Wi-Fi and Neighborhood Conflicts: An Algorithm to Keep the Peace
To overcome the problem of interference between wireless networks, a doctoral student at EPFL has developed an algorithm that automatically selects the best frequency band according to the usage of neighboring networks. This system increases the initial capacity of the data path by up to seven times.
By organizing the passage of digital data through a router almost in real time, one can improve the quality of a wireless network. This is accomplished by an algorithm developed by an EPFL PhD student: it tells the data which route to follow. Currently neighboring wireless networks often borrow the same frequency bands and create caps, while other routes remain free. This new system allows better distribution of these packets and thus improves traffic flow. Disadvantages such as slow downloading, untimely cuts in service and slow communication are thereby greatly reduced.
In an urban environment where each home has its own wireless access point, delays caused by interference between networks are frequent. The frequency band, or the route through which the data passes, is divided into 13 channels. Routers are programmed so that data travels along some of them. Numerous devices – about one in four – use the same slot. However, when more access points using the same channels are nearby, this creates interference. It follows the same principle as traffic jams that occur when all cars are forced to use the same lane on a highway.
Routers can use up to eight of these frequency bands simultaneously. To send an email or perform a simple search in a search engine, for example, one or two bands will suffice. This is the genius of the system developed by Julien Herzen, a PhD student at EPFL’s Computer Communications and Applications Laboratory. It automatically shares the channels between different users based on needs at a specific moment.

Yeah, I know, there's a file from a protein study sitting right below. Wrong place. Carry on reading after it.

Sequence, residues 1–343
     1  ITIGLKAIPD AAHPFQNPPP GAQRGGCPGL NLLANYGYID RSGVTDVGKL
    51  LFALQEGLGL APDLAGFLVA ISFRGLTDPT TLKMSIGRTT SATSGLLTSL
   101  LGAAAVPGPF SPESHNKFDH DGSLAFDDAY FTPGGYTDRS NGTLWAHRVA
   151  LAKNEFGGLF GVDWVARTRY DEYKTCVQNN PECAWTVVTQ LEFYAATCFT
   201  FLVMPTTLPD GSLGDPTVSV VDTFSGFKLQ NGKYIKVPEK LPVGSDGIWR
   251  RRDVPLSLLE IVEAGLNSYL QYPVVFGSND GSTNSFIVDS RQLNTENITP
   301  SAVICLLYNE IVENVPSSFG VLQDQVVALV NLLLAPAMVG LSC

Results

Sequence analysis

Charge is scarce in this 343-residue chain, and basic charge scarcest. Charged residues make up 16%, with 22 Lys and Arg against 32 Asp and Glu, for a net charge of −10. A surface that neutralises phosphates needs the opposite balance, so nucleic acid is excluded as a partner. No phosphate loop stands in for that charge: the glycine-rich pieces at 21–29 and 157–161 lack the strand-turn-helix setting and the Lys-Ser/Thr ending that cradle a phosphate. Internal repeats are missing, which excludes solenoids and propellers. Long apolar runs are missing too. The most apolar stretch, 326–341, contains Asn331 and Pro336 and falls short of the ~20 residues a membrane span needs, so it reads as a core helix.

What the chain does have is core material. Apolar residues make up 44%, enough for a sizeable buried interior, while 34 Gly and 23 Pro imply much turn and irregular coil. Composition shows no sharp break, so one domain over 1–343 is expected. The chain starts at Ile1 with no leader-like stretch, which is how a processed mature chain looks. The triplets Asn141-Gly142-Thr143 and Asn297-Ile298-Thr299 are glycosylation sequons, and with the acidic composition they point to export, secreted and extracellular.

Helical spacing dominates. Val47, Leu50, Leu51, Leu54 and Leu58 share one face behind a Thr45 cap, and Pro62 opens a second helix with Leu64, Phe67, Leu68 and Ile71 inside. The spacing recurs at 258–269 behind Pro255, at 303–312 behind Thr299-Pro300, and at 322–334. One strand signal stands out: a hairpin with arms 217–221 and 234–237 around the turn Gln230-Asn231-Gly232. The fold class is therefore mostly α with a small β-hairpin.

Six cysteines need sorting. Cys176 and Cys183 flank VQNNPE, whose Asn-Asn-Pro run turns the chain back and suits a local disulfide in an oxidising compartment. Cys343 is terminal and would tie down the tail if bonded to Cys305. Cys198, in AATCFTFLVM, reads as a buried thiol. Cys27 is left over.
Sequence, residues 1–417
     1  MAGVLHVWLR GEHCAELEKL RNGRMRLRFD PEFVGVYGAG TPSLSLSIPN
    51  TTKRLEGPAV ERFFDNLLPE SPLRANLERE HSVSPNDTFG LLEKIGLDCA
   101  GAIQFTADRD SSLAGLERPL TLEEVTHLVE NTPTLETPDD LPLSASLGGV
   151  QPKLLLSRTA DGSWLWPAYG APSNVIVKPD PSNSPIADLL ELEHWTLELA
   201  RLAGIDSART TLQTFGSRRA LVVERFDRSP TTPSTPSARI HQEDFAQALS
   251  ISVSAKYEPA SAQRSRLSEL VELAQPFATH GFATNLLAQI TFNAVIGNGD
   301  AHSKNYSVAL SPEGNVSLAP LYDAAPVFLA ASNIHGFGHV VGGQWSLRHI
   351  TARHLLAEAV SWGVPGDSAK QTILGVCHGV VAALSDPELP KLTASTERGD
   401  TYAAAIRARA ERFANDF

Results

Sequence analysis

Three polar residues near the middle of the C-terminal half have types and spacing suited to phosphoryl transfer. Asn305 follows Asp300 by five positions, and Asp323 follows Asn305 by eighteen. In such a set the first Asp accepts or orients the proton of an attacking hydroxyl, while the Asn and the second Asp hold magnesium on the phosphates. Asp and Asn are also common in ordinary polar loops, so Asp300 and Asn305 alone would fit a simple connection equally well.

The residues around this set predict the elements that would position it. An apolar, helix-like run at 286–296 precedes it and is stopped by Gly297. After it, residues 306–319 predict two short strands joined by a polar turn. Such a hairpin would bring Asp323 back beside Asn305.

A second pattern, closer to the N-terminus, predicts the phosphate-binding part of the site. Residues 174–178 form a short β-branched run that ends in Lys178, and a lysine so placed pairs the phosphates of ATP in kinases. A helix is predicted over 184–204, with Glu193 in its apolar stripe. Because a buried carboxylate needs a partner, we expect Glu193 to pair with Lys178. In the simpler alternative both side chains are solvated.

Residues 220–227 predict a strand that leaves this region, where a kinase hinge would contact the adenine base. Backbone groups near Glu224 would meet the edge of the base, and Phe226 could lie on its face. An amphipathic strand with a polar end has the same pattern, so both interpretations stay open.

At regular intervals, the system redistributes pathways according to users’ needs. The width of the frequency band is not determined in advance. “It’s about compromise,” emphasizes the doctoral student. “This works best if everyone is using it, but the impact is also positive for a single user. The system optimizes the free frequency band without interfering with the networks of neighbors.” According to its designer, this automation of bandwidth sharing increases the amount of data that passes at a specific time by up to seven times.
Current routers can change preset channels, or can even find them automatically, but they do not offer real-time adaptation. The new Wi-Fi norms, 802.11ac and 802-22n, enable data to flow faster, but they are also hungrier for bandwidth. They can mobilize up to eight channels at once, when the old standard was four. Still, that doesn’t solve the problem. “This increases speed for a single user, but when several devices operate in a limited area, the data packets are still slow,” said Patrick Thiran, head of the laboratory.
A patent has been filed. The algorithm can be implemented easily by manufacturers on existing systems.